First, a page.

“I’m just a vibe, man … that you can’t find anywhere else”
I like that quote. It’s a case study in verbal economy and connotive efficiency.
It perfectly conveys everything it’s meant to without having to say anything specific. And it’s equally well applicable to any facet of life.
There’s no right recipe for Vibe creation but everyone knows it when they see it.
If you can birth and sustain a vibe that can’t be found elsewhere, I’m pretty sure you will end up on the right side of life.
Yesterday, our Chief Vibe Officer and your favorite risk manager’s favorite risk manager (Keith) delivered the wood on our 3Q16 Macro Themes call.
It was another quarter of record participation and we thank you for that.
Back to the Global Macro Grind ….
Our 2nd Theme – and one where the vibe has begun to sour - was #ConsumerCredit.
One can’t talk about consumer debt without also discussing labor as employment and income trends define both the consumer’s capacity for incremental debt and the ability to service it.
One relationship we re-highlighted on the call – and one worth highlighting again here since it’s Jobs day – is the relationship between Temp hiring and peak Employment.
The temporal procession looks like this: Temp Hiring Peaks => Jobs Openings Peak => Total Employment Peaks
Specifically, Temp hiring has lead the peak in Job Openings by 9 and 8 months, respectively, over the last two cycles and Job Openings peak shortly ahead of the peak in Total NFP.
The intuition is fairly straightforward:
Early in the cycle employers are hesitant to onboard full-time workers because of uncertainty around the durability of the expansion.
This psychology persists as the expansion matures and is augmented by the flexibility to transition temps to full-time employment and by the progressive rise in demand for output that accompanies the upslope of the cycle which, in turn, drives incremental labor demand.
Slowing demand for output quells demand for temp workers (which are a primary source pool to fill available positions) with the number of advertised available positions adjusting and reflecting that decline on a short lag. As job openings stall and retreat in response to macro conditions so too does actual hiring.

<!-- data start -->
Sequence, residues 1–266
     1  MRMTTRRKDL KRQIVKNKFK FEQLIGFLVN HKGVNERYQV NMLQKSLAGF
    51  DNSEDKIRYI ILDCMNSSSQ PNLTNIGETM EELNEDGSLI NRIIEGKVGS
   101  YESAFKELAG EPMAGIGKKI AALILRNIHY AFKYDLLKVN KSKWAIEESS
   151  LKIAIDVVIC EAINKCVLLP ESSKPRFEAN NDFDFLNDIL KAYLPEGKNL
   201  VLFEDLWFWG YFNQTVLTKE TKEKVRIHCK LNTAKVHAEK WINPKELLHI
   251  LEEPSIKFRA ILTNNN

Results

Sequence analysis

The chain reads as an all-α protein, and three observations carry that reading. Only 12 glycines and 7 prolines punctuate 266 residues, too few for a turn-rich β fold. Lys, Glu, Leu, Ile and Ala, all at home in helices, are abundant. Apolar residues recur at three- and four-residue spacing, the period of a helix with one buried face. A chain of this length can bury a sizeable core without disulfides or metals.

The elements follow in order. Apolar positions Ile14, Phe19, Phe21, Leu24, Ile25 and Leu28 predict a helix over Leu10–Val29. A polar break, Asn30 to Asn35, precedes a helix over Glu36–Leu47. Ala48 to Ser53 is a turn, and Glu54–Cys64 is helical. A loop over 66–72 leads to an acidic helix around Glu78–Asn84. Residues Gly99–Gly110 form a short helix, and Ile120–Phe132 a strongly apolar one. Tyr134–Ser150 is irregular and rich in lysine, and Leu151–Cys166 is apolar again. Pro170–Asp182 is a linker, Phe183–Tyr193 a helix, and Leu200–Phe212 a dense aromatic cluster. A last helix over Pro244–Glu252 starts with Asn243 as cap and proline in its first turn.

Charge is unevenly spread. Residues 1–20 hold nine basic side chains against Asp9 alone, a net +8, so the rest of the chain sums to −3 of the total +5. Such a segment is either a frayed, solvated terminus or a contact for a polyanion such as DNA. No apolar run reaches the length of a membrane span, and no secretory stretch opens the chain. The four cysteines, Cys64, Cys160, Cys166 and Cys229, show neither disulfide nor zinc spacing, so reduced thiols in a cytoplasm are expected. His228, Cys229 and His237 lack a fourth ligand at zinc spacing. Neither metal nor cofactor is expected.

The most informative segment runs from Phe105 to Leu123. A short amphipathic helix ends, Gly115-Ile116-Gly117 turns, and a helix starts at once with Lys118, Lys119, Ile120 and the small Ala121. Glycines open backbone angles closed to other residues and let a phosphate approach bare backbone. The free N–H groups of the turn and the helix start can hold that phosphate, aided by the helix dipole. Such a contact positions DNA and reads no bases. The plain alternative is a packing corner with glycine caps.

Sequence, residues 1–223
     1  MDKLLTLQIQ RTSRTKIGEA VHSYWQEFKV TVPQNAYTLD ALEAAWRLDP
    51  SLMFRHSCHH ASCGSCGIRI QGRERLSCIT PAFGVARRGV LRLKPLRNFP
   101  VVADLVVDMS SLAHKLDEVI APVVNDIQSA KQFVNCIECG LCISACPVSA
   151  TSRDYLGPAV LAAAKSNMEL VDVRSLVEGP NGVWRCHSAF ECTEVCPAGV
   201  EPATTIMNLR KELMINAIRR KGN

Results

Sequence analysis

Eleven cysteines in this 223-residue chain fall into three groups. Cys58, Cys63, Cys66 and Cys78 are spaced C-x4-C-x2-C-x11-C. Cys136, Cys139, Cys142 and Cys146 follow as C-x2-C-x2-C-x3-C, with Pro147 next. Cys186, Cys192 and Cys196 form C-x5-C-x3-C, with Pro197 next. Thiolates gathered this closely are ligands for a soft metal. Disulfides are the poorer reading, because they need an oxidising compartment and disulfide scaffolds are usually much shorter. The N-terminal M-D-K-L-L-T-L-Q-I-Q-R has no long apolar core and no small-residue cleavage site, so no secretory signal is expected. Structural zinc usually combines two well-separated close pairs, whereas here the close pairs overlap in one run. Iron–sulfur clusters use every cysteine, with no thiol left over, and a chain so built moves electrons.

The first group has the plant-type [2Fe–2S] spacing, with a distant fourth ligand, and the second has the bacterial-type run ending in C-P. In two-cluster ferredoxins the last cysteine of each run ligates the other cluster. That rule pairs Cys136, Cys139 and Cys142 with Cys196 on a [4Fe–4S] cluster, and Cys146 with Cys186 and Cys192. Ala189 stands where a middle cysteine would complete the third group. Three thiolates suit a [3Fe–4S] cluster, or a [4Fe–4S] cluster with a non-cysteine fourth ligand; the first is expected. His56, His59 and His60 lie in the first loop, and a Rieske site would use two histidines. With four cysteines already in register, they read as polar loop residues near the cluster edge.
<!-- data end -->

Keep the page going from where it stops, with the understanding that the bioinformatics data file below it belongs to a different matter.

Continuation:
Given the rising prevalence of freelance and contract work, the signal flowing from the current stagnation in temp hiring may be higher fidelity than in cycles past.
Further, in addition to serving as a lead indicator for hiring activity, the trend in temp employment influences the separation side of the labor market.
Individually and collectively, temp and part-time employment have been at their highest level ever as a share of the labor force (relative to similar points in prior cycles).
This acts as a depressive force on reported initial jobless claims as these workers carry the highest probability of not qualifying for unemployment benefits. If their collective share of employment is elevated relative to the historical experience, it should serve to suppress the level of separations implied by the initial claims figures.
So, watch the temp hiring component in the employment release this morning and the Job Openings figures in next week’s JOLTS release.
Where else to focus attention?
As we annoyingly harp on every month, from a Trend perspective, the low intensity way to monitor the progression of the cycle is to watch the rate of change in payroll growth.
We discuss the rate of change in payroll growth a lot because: